Eating veggies
can help save energy

Simone Spearman
29 December 2002

While we bemoan the energy crisis, pointing fingers at Governor Gray Davis and the big utility companies, some even looking to nuclear power, an ancient and less-than-radical practice presents itself as a viable solution: vegetarianism.

The meat and dairy industries depend on inordinate amounts of natural gas, electricity and fossil fuels to house, warm, ventilate, water, feed, clean, transport and slaughter billions of animals destined for our dinner tables.

People in this state are preparing to read by candlelight and wash clothes by hand. Understandably, many Californians are demanding to know who the biggest energy hogs are. Agribusiness should be definitely high on that list.

Washington state, Oregon and California lose 17 billion kilowatt-hours of electricity to livestock production. With this kind of power, every home in the United States could leave the lights on for a month and a half.

John Robbins, author of the book, "Diet for a New America," reveals some interesting statistics on America's production of animal flesh and fluid:

The Environmental Protection Agency identifies 60 percent of U.S. rivers and streams as having impaired water quality, and wastes from animal agriculture create three times more organic water pollution than all other industrial sources combined.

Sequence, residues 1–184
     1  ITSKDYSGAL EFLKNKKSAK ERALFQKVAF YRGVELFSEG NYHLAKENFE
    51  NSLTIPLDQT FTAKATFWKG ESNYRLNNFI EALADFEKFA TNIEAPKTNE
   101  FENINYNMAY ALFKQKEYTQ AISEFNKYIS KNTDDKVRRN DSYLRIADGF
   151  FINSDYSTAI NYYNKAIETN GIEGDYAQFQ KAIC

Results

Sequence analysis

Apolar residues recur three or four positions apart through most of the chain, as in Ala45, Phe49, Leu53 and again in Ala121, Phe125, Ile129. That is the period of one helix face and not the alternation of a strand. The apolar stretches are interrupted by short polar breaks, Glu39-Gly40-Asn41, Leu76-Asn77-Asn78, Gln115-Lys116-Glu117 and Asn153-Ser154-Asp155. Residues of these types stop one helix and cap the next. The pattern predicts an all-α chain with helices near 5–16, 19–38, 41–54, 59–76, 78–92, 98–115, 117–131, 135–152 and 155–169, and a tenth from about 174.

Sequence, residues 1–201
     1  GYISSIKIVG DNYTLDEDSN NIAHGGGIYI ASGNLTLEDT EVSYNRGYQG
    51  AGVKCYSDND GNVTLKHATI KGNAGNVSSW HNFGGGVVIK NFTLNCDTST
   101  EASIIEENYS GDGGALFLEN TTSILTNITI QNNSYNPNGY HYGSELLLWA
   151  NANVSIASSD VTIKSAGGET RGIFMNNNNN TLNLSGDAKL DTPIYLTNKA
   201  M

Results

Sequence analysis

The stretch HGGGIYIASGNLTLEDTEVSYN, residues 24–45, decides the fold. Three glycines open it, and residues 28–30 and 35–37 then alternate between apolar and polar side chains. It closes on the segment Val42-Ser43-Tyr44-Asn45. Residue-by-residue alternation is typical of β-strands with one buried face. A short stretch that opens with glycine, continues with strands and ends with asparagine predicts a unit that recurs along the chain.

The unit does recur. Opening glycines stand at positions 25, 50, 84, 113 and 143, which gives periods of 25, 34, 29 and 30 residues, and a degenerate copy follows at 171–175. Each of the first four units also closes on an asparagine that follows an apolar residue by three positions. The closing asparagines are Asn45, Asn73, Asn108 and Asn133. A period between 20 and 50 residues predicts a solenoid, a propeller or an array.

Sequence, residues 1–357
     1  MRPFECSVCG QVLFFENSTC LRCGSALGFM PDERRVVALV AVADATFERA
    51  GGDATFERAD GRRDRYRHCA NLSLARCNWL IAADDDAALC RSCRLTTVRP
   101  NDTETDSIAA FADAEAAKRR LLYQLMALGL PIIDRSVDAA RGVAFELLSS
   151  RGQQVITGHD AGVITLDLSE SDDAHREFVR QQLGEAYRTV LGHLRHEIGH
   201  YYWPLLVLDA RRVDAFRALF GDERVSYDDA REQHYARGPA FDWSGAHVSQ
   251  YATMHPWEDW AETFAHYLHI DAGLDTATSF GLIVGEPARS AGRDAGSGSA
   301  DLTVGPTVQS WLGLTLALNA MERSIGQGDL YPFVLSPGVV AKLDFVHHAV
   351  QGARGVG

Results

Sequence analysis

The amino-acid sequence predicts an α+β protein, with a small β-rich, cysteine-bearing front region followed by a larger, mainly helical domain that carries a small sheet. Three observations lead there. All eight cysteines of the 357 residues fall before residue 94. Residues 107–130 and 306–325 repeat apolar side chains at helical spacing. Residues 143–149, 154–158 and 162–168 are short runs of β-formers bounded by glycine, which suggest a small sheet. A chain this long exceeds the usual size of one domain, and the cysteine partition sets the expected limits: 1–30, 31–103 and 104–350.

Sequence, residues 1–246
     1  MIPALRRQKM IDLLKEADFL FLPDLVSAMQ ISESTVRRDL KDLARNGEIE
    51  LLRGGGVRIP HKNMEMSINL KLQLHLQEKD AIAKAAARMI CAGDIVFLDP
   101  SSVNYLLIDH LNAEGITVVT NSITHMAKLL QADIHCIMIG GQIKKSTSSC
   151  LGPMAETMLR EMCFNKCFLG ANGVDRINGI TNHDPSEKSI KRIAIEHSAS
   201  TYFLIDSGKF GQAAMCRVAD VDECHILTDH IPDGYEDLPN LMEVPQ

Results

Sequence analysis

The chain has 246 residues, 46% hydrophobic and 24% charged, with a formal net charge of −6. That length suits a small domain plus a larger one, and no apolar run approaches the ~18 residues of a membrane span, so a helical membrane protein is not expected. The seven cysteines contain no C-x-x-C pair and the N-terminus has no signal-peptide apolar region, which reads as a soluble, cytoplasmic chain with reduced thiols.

This, all for bacon, eggs and a glass of milk?

In a letter to Davis, the California Cattlemen's Association and the Western United Dairymen, among others, plead for special consideration regarding the energy crunch. They have asked the state to consider using "available electricity supply sources," and they have encouraged the "refining of diesel fuel within the state by easing restrictions and providing tax incentives."

These groups and companies have admitted to their hog status -- insisting that energy is "more vital" to food production than to most industries, and that "this is compounded by the fact that agricultural cultivation and husbandry often require a number of necessary steps that are energy-intensive."

These "steps" include extreme measures to house and maintain factory-farmed animals. No longer do animals frolic in green pastures on small family farms. Instead most animals are kept in confinement, while conveyor belts bring in food and water and remove waste.

Poultry and dairy workers must wear gas masks to avoid breathing dangerous methane and ammonia fumes. To keep chickens alive and breathing in these toxic facilities, egg producers must blow chilled air constantly.

There are so many energy-wasting practices connected with eating animals. We can ease some of our own burden by adopting sensible eating habits.

Simone Spearman is a frelance writer who lives in San Francisco She also has taught English at Sequoia High School in Redwood City.

San Francisco Chronicle
Friday, June 29, 2001

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